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If this seems inexplicably frustrating to watch, just remember how easily and how often the Bulls won during the regular season. Not to defend Chicago's second straight sub-par performance at home, as on most nights 20 turnovers and 39% shooting equates to a loss, but perhaps we have been spoiled a bit by this team.
The playoffs are another animal altogether and this young team is still trying to understand how to be the favorite. The Pacers have nothing to lose, and their loose, inspired play has put the Bulls on their heels two straight games.
Tonight, it was the Bulls offense that was, well, offensive. Chicago made a concerted effort to involve Carlos Boozer early and often, and indeed he did play better, finishing with 17 points and 16 rebounds. But overall the Bulls were careless with the ball, including the infallible Derrick Rose who had five turnovers in the third quarter alone.
Ultimately Rose, who finished with 36 points, six assists and eight rebounds, did just enough to get the Bulls over the hump. After shooting just over 50% at the free throw line in the first half, Chicago hit their last 16 freebies in the second half. That, in addition to an insane rebounding advantage of 57-33 ultimately earned the Bulls a Game 2 victory.
Luol Deng came through with the two clinching free throws at game's end, something he couldn't be counted on to make until this year. Deng had 14 points, six rebounds and held Pacers number one option Danny Granger to 19 points and two rebounds.
The Bulls bench unit as we knew it is seemingly over and done with as Thibs has shortened his rotation for the playoffs, playing Boozer 42 minutes while Gibson and Asik combined for only 14. Chicago has struggled to score without Derrick Rose in the game, and with Brewer nursing an injured thumb, Asik's minutes nearly cut entirely and Kyle Korver moving into the late-game crunchtime lineup, there really isn't a bench mob to speak of anymore.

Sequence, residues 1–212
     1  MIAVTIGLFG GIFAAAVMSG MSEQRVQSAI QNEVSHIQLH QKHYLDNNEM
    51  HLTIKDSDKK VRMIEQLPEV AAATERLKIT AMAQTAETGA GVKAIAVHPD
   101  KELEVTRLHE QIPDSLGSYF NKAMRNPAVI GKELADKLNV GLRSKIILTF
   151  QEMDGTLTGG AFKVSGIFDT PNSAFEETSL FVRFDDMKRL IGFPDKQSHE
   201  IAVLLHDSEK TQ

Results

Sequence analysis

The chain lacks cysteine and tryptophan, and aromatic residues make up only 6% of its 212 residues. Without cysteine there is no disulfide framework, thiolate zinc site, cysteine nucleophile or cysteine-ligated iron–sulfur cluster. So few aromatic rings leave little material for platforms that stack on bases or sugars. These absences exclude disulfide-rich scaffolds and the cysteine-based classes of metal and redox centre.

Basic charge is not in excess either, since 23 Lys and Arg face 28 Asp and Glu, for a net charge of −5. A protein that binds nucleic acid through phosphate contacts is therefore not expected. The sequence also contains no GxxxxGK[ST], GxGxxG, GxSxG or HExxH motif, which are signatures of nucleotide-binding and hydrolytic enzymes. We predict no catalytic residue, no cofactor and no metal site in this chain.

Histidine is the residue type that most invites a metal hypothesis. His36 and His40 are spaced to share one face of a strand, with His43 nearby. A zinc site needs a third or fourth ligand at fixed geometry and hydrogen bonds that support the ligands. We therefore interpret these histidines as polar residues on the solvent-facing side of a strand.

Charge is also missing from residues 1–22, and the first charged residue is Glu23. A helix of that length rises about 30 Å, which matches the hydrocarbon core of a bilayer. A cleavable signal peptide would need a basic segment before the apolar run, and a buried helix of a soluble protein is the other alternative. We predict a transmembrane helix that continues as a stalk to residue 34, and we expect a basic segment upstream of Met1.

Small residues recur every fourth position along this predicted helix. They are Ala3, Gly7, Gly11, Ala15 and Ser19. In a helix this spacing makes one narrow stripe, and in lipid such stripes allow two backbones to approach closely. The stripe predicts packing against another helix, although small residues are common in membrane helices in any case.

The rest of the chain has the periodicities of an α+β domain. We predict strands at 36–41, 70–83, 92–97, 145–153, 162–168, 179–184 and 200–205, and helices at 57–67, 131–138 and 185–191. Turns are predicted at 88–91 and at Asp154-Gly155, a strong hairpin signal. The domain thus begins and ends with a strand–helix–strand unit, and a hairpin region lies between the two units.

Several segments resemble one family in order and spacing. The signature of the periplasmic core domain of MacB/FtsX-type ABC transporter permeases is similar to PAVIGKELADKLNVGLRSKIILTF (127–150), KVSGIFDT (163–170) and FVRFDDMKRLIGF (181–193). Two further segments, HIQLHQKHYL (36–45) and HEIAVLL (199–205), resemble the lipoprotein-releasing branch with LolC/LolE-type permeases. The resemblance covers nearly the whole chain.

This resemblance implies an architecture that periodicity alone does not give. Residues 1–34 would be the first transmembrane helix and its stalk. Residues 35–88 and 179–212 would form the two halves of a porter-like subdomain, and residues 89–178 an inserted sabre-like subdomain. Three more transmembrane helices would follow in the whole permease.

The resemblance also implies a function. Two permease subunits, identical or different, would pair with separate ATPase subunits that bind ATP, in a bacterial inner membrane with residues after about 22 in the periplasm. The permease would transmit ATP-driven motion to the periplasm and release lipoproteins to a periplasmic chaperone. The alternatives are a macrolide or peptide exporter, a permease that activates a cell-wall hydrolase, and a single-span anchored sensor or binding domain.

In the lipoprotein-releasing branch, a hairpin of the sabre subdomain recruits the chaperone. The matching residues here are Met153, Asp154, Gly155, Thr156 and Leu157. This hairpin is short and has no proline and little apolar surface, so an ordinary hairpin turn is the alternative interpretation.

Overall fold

It has been interesting to see Thibs' strategic decisions come to light (and to be fair they may change if and when the Bulls move past the Pacers), as Kurt Thomas and Korver have taken on a much more prominent role. For the second straight contest Korver hit a crucial three-pointer for the Bulls in the game's final possessions. The NBA leader in fourth quarter/overtime 3-pointers this season is one of the few Bulls besides Rose who wants the ball with the game on the line. Expect better defensive teams to try and take him away in the games to come, at which point Deng, Boozer or Noah will need to be take, and make shots.
The Pacers must be crestfallen tonight knowing they largely outplayed the Bulls for two games in Chicago and find themselves down 0-2 in the series. Point guard Darren Collison, who exited in the second quarter with a twisted ankle, is day-to-day and represents a huge potential loss for Indiana. Tyler Hansbrough came back to earth with a 2-12 shooting performance, the only other Pacer in double-digits besides Granger was replacement point guard A.J. Price, who also had five turnovers.